The oxide composition of HAC used in the present study was determined by X-ray fluorescence (XRF) and physical properties of HAC are given in Table 1. For the development of the compressive strength, mortar specimens were fabricated in a cylindrical mould (Ø 100 200 mm). Mix proportion for the cement : water : sand (Grade M) was 1.00 : 0.40 : 2.45. The specific gravity of sand was 2.65. This mix proportion for mortar was subsequently used for the chloride profile and mercury intrusion porosimetry. The mortar specimens were demoulded in 12 hours after casting and then cured in a wet chamber at 25 ± 2°C to reduce the influence on the transformation of hexagonal to cubic phases in hydration products. The compressive strength for mortar specimens was measured at various ages to monitor the influence of the conversion process in the HAC mortar on the strength development.
A fresh mortar was poured in a cubic mould (100 100 400 mm) to determine the penetration resistance with time and was subsequently measured by a set of standard needles (16, 32, 65, 161, 312, and 645 mm2 in diameter) at a given time interval. After interpolating the curve for the penetration resistance with time, the setting time was determined, assuming that the initial and final sets are defined as time for the penetration resistance to reach 3.43 and 27.46 MPa, respectively.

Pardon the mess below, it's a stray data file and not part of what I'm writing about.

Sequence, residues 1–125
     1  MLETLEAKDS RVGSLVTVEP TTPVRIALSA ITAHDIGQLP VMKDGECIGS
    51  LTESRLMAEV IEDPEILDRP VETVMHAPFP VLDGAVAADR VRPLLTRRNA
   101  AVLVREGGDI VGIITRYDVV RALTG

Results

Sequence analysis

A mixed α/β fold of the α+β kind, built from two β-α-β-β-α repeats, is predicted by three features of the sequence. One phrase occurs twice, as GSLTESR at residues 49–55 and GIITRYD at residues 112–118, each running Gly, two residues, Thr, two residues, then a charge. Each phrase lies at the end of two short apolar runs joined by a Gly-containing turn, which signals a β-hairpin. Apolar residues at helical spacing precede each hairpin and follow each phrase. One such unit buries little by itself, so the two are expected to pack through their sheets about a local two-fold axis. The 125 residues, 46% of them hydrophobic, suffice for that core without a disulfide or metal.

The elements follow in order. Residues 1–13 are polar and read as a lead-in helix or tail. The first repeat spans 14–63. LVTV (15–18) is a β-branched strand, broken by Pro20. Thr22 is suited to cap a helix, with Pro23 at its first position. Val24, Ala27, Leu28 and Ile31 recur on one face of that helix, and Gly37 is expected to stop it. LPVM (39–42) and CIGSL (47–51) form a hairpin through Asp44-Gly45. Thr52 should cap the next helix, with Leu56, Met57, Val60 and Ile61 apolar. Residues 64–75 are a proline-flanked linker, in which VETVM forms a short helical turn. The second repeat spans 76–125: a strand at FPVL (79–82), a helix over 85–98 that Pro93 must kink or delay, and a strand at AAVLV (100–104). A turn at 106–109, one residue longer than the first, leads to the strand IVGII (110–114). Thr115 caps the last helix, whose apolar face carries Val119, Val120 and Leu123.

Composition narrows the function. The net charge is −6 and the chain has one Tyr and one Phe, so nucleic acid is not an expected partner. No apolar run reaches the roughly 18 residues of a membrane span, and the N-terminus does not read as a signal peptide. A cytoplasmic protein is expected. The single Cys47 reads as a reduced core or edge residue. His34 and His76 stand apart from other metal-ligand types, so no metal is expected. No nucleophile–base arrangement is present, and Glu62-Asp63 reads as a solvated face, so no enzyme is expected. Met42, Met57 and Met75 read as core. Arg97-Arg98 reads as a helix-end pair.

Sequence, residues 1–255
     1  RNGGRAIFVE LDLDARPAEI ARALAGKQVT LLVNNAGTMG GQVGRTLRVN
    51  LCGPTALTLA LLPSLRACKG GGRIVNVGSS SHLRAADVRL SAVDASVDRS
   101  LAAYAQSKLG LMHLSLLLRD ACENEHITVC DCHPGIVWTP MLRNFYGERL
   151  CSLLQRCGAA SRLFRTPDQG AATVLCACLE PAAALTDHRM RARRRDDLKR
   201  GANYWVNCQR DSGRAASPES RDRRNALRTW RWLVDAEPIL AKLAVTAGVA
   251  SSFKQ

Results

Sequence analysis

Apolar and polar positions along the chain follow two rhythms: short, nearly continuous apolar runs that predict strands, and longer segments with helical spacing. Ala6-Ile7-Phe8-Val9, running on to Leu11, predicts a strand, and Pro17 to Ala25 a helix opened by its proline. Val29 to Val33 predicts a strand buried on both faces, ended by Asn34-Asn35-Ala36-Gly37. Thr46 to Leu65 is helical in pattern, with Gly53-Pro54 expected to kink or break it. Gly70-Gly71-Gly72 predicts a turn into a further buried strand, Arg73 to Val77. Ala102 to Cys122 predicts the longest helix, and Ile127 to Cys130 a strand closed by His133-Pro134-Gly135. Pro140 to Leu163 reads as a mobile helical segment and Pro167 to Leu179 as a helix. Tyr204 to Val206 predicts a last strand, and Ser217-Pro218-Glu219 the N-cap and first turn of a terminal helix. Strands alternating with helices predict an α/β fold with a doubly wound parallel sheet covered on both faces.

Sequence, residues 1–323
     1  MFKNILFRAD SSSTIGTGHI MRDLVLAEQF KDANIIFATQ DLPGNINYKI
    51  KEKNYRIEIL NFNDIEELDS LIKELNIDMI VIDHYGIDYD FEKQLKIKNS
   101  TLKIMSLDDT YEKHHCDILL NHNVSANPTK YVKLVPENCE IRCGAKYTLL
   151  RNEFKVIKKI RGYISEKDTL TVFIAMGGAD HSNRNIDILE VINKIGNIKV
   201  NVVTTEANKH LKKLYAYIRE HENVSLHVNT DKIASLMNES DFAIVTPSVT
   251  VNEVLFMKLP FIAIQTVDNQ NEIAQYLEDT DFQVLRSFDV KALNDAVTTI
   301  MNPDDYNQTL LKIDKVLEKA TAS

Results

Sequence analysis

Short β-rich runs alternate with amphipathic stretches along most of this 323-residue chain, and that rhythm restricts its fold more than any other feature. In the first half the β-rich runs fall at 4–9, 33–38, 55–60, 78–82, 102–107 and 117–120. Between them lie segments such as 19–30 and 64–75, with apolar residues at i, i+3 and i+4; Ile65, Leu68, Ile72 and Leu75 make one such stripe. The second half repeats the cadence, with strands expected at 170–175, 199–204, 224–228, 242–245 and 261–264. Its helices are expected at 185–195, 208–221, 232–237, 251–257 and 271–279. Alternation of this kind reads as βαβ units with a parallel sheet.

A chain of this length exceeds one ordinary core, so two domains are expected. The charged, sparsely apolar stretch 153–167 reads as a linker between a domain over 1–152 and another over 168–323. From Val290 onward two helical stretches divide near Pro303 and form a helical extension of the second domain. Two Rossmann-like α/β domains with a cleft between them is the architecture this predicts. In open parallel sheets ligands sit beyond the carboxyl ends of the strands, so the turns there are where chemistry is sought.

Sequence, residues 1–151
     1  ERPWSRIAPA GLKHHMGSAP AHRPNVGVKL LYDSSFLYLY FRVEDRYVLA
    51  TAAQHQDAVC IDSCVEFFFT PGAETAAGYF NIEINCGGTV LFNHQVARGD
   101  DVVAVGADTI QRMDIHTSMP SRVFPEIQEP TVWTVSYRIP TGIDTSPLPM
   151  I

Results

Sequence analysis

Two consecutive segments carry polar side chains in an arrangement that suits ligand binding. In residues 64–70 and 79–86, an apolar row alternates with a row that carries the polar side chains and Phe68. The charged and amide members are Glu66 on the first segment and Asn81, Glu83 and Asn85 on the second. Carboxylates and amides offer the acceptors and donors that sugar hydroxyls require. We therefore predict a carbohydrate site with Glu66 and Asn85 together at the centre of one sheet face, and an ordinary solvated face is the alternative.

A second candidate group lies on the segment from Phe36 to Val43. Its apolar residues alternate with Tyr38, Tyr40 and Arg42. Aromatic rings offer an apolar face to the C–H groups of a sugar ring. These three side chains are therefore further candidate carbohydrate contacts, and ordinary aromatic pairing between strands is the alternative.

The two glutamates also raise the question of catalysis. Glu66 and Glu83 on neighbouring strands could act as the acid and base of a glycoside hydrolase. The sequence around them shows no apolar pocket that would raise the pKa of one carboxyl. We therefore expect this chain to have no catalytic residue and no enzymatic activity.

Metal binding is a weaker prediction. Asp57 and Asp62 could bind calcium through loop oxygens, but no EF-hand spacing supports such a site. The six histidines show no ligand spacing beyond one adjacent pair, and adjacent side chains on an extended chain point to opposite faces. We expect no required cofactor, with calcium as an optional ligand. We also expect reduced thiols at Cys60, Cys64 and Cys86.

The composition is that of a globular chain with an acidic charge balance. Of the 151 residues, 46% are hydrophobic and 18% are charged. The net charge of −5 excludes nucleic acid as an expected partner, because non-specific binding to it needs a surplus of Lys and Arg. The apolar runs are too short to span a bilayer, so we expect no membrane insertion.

2.2. Chloride Profile
The mortar specimens fabricated in the cylindrical mould (Ø 100 200 mm) were cured in an identical wet chamber for 91 days to maximise the hydration degree, and then the specimens were cut into 50 mm thickness, in which all the surfaces were coated by epoxy resin except for one surface to induce one-way chloride penetration. Then, the mortar disks (Ø 100 50 mm) were immersed in a 1.0 M NaCl solution for 100 days, followed by grinding the specimens every 5 mm depth increments up to 20 mm from the specimen surface to measure chloride concentration in each sample. The obtained sample was stirred for 5 min in 50 mL distilled water at 50°C to extract the water-soluble chloride, and then, for reaching a chemical equivalent in solution, a further 30 min of standing was carried out. After filtering the sample, the concentration of chloride ion in sample was measured by the titration method using ion selective electrode (ISE) for chloride. An identical procedure was adopted to determine the acid soluble chloride concentration using 2.0 nitric acid (HNO3) for solvent instead of distilled water.
Once the total and free chloride concentrations were obtained at all depths, the surface chloride () and an apparent diffusion coefficient () were determined by fitting to the error function solution to Fick’s second law for nonsteady state, given bywhere is chloride concentration at depth after time (%/m3), is surface chloride concentration (%/m3), is depth (mm), is apparent diffusion coefficient (m2/s), and is time of exposure (s).